He said the investor started renovating portions of the warehouse but later stopped work for lack of funds and nothing has since been heard from him.
The 1960s was described as Africa’s decade of political emancipation and regarded with optimism, reports Emmanuel Modey from Ho.
Dr. Nkrumah realized that the greater proportion of the population and the resources for development abounded in the rural areas, hence it “salvation” lay in the rural sector.
But, ironically, rural dwellers experience extreme forms of poverty, illiteracy, food insecurity, preventable diseases and infant/maternal mortality rate.
The Volta Regional Officer in charge of Crops. Mr. John Tsrakasu, told the Daily Graphic that to accelerate economic growth, one of the areas which received the immediate attention of Dr. Nkrumah’s administration was agriculture. He said Dr. Nkrumah placed emphasis on the primary industries and the policy was to extract the natural resources and agricultural produce to feed the other industries and ensure food security.
“That is why he established the State Farms, built dams and silos in many parts of the region meant to allow peasant farmers to have a say in their own destiny in future”, he said.
Unfortunately, he said, the tragedy was that after Nkrumah’s overthrow, many of his projects were abandoned and the capital investment, including expensive equipment, had all deteriorated beyond repairs.
These include the uncompleted silos in Ho, cold stores and dams in many communities in the then Kete Krachi District, Kayime in the Adaklu-Anyigbe District and the Kpeve Agricultural Station which served as the cocoa and crop research station.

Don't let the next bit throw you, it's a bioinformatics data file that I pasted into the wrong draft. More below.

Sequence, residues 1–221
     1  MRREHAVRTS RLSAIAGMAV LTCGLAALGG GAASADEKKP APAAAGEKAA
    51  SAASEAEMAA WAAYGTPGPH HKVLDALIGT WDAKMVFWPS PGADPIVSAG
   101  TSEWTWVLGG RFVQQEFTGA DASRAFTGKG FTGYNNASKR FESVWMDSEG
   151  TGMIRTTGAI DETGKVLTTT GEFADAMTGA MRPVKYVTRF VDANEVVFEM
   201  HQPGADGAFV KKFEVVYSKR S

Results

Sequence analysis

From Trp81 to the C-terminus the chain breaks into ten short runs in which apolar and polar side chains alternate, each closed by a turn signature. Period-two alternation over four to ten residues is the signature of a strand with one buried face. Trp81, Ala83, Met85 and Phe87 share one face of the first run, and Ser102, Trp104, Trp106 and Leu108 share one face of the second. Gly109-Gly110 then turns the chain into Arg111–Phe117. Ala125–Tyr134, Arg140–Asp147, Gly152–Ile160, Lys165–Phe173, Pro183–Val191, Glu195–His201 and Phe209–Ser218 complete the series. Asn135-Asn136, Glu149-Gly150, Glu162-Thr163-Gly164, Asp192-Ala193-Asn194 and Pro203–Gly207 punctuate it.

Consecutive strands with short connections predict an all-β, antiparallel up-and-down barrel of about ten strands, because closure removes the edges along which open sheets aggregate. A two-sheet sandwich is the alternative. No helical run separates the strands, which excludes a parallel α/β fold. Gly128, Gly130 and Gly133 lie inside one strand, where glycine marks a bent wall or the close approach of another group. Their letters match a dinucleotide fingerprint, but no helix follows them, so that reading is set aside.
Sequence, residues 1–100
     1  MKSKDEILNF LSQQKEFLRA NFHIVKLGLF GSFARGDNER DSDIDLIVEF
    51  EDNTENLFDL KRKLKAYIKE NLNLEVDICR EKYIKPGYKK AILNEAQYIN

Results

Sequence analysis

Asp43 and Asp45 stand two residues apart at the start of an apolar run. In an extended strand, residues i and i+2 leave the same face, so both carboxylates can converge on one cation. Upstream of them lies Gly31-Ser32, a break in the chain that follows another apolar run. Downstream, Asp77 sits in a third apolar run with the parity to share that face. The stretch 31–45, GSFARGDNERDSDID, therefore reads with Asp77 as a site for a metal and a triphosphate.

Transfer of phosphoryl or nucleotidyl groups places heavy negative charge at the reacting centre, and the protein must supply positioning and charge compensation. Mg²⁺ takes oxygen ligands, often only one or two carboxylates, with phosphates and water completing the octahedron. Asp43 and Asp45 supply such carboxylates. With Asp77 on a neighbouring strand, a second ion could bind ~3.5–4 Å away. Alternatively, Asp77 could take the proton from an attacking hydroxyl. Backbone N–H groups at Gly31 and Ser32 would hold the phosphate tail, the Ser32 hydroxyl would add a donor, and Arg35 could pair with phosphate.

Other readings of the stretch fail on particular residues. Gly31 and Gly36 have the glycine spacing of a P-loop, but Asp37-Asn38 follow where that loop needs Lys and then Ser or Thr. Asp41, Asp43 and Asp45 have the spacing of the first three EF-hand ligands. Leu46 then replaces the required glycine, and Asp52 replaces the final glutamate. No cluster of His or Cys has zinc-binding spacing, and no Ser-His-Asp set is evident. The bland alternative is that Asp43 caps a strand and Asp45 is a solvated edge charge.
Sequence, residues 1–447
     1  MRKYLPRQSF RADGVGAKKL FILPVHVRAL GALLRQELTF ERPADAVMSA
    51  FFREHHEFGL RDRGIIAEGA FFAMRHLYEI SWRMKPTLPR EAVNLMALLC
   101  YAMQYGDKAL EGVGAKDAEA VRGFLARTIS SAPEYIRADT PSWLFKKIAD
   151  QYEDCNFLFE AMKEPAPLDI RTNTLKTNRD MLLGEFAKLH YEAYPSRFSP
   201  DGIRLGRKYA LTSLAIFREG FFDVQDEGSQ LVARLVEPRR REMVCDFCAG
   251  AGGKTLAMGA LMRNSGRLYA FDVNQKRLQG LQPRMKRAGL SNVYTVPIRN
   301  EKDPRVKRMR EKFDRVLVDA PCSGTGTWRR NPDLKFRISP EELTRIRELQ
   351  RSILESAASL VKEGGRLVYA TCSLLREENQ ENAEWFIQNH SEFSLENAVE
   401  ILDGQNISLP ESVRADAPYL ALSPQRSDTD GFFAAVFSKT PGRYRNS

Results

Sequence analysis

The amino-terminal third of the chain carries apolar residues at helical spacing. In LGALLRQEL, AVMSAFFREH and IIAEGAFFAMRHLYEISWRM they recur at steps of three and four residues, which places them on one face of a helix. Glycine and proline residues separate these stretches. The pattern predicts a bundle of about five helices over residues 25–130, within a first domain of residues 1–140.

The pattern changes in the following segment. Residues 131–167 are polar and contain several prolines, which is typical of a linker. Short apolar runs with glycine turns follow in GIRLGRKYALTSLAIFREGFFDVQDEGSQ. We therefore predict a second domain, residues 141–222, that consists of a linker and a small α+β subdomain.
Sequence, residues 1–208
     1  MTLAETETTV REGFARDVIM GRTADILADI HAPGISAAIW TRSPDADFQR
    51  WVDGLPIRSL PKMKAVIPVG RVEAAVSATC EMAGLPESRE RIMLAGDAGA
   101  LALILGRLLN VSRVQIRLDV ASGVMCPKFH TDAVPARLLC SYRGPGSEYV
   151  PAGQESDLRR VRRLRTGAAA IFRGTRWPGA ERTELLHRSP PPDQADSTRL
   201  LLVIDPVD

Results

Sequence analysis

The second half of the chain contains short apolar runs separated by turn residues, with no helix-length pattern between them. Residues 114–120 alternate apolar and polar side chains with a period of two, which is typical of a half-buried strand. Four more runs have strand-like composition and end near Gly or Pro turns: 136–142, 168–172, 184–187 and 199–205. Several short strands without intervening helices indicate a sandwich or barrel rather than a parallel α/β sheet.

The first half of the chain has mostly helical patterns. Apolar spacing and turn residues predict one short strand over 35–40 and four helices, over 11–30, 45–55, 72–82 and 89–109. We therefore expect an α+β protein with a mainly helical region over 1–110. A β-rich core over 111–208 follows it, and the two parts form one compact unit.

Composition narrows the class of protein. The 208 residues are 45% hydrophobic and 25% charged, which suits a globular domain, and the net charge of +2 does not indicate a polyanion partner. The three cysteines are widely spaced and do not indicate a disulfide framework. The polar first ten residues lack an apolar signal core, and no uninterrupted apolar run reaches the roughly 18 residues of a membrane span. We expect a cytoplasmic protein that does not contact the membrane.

From Tamale, Vincent Amenuveve reports that a good number of development projects established decades ago in the Northern Region by Dr. Nkrumah have now become white elephants.
The reasons for this phenomenon are not far-fetched since, after the overthrow of Dr. Nkrumah in 1966, most of the projects and the idea behind their establishment were abandoned by successive governments.
According to a renowned historian in Tamale, Mr. Wilberforce Adams Shaibu, Northern Ghana could have been better than it is now had those projects been revived and improved.
A cursory look at the region shows that the projects were potentially viable and they could have enhanced the lives of the people.
The Food Distribution Corporation at Lamashegu, a suburb of Tamale, where an underground tunnel was built for storage purposes has been neglected.
Many residents are wondering what happened to that project, because of their pest harvest losses. Attempts were made during Dr. Nkrumah’s regime to explore the iron ore deposits at Sheini in the Zabzugu-Talale District.
Again, that vision was abandoned, although feasibility studies were completed and some machines that were procured for the project are now obsolete.
The state farms at Demon, located between Yendi and Saboba, was booming. It was equipped with tractors, combine harvesters and bulldozers, most of which are now, lying idle.
The resettlement farms at Damongo, now called “canteen”, attracted many people to the area to earn their livelihood, but that vision has also fizzled out.
“What has happened to the silos that were put up by the first President”?, asks Mr. Shaibu.
A number of the silos were located at Demon and Daatoyili.
“What about the vegetable oil mills located around Lamashegu in Tamale”?, he further questioned.
According to the historian, all those projects had been abandoned.
He intimated that there were also the Ghana Education Trust schools built by Dr. Nkrumah.
One of the schools, he said, was the Ghana College, now called the Ghana Senior High School (GHANASCO), built in 1960.
The First President also built guest houses along the Nakpanduri Scrap in the Bunkpurugu-Yunyoo District that have deteriorated.
The old airport area near Nyohini was also the brain child of the First President.
Daily Graphic - pages: 16-17 Saturday, October 10, 2009
Nkrumah’s projects in ruins (II)
· The giant silos marking the skyline at the Cocoa Processing Company in Tema
Story: GEORGE SYDNEY ABUGRI
They rise above the skyline close to the factories of the Cocoa Processing Company and the Ghana Agro-Food Company Limited in Tema like giant whales standing upright for a kiss with the heavens.
The huge silos outside the Tema Harbour were constructed 43 years ago by the Government of Dr. Kwame Nkrumah to store cocoa, and those outside the harbour to store stockpiles of grain for national food self-sufficiency and security.